It took being thrown out of business studies and i nto an art class for him to fi nd his calling, but now 22- year- old Auckland artist Jake Feast’s ‘science experiment’ resin pieces are taking off.
To be good with resin is problem There’s so many issues that can I actually think the biggest art to it is having everything literally the
In his own words, Jake Feast can’t paint a pretty picture to save himself, but he can do some pretty incredible things when given a blank canvas, some chemicals and spray paint.
The up-and-coming artist makes resin pieces that are growing in profile online and in galleries, but if it wasn’t for being a troublesome student, Feast may not have ended up in art at all.
After being kicked out of business studies at Rosmini College, Feast ended up being placed in an art class and discovered he had natural talent.
Feast worked in the film industry after college, and was inspired to pick up a paintbrush again after being exposed to different artists, creatives and sources for props and materials.
He started off with experimenting with everything from acrylics to oils, but found his patience wore thin when trying to paint a detailed portrait.
Then one day, a friend asked if Feast could do a resin piece for him, though the process is notoriously difficult to master.
“I played around and it came out okay,” he laughs. “But from then on, I was hooked on resin.”
In 2017, he decided he wanted to take a chance and have a crack at the full-time artist hustle.
Feast uses spray paint, chemicals and resin to form his swirling creations, which can resemble an alternate universe (or hallucinations on an acid trip) to the naked eye.
The process is as follows: when acetone or alcohol is mixed with resin in a cup, a chemical reaction occurs, making the resin separate. Feast then pours the thick liquid onto a canvas and uses a hairdryer to spread it, making a ripple effect.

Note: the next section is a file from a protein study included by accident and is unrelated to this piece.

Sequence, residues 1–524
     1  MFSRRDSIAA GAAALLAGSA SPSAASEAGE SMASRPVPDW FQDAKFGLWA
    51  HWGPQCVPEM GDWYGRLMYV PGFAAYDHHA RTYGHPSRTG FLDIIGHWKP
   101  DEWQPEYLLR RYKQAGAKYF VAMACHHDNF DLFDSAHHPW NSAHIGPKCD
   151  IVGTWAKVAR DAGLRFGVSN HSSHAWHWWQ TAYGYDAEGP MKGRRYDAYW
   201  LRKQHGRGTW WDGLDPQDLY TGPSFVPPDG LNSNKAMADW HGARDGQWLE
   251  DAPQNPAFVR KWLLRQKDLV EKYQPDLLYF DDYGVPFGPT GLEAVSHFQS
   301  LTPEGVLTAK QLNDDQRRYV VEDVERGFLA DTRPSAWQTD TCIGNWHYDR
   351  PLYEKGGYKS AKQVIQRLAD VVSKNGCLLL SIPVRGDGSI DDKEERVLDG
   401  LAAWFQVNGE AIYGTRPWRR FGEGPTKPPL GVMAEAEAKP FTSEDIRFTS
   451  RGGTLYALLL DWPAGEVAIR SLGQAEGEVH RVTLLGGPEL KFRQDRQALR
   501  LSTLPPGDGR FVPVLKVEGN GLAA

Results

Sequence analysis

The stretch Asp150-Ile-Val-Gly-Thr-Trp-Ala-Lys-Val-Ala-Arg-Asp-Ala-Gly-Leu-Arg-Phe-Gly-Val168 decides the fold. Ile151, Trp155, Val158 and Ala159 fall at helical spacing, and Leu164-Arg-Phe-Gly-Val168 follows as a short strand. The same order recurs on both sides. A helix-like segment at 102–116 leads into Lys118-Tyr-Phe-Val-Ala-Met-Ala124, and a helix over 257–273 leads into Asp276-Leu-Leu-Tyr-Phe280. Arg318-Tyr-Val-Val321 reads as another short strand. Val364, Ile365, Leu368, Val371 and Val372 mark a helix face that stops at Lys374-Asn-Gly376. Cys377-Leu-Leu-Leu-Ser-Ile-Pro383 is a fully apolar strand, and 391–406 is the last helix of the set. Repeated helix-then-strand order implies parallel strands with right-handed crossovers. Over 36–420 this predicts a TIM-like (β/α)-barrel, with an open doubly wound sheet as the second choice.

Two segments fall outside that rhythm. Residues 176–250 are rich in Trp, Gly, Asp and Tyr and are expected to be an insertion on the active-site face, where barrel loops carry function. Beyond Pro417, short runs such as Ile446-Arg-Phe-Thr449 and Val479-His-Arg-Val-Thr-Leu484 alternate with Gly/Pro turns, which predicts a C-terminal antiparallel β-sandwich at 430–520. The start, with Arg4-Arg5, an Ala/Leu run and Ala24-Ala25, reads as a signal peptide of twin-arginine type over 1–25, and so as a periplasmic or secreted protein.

From there, he puts a clear coat of resin overtop, lets it dry overnight, and then repeats the mixing and pouring process with resin and different coloured paints. The final step is sanding down the edges, as well as using a flamethrower to get rid of the bubbles.
The finished pieces have a 3D, depth-of-field effect due to the different layers of paint.
Feast says the unpredictable, highenergy nature of resin art works well with his personality.
While he can work to colour requests, he says he only controls about 90 percent of the artwork. The rest is fluid, abstract and unpredictable.
What actually goes into the overall concoction is a bit like a science experiment. Feast says some of his more unusual ingredients in the past have included oil, food colouring and even fly spray.
In one memorable moment, he almost set his Dad’s entire house on fire when a whole art piece went up in flames due to the acetone, and it quickly spread to the walls. “It was pretty hectic,” Feast says. Now, he’s settled on a formula he thinks works best (and is less lifethreatening) but this complicated process is part of the reason he thinks resin art
isn’t that commonplace in New Zealand.
“There is such a process to it, half of it is preparing for it versus actually pouring the paint,” Feast says.
“To be good with resin is problemshooting it. There’s so many issues that can happen. I actually think the biggest art to it is having everything level. That’s literally the secret. The canvas has to totally level, and also sometimes the resin sticks to the table underneath so you have to have little things sitting under the canvas [to prop it up].”
Another problem is bugs tend to get stuck in the art pieces while they’re drying, which explains the need for a mosquito net.
Feast knows of about three other people doing resin art here, but says it’s more popular overseas in Australia and Canada.
“I just don’t think it’s hit here and I don’t think many people have discovered it. A lot of people tell me they’ve never seen it before and I think that’s what a lot of my recent successes have been from, because in New Zealand, it’s quite rare.”
A year or so in, Feast has already been in one solo show and two group shows. He’s also done a live painting for Lululemon during one of its yoga sessions, which is now featured in one of its stores.
However, he is limited by the constraints of resin – such as his canvas needing to stay flat and level – so the usual commercial route of feature walls is out of the question.
For now, Feast says he’s pursuing the fine art side of things by selling his work via galleries and private sales.
But he says he’s just grateful he now has the time to work on his craft all day and night.
“I’ve been really lucky, and I don’t even know how I’ve got so lucky to be perfectly honest. But yeah, there are moments where you’re thinking, ‘holy shit, how am I going to pay for rent?’ But it’s all kind of worth it in the end – I don’t have an alarm any day of the week.”
Catch Feast’s upcoming show, ‘In our eyes’, at Auckland’s Allpress Studio from June 10 to 18.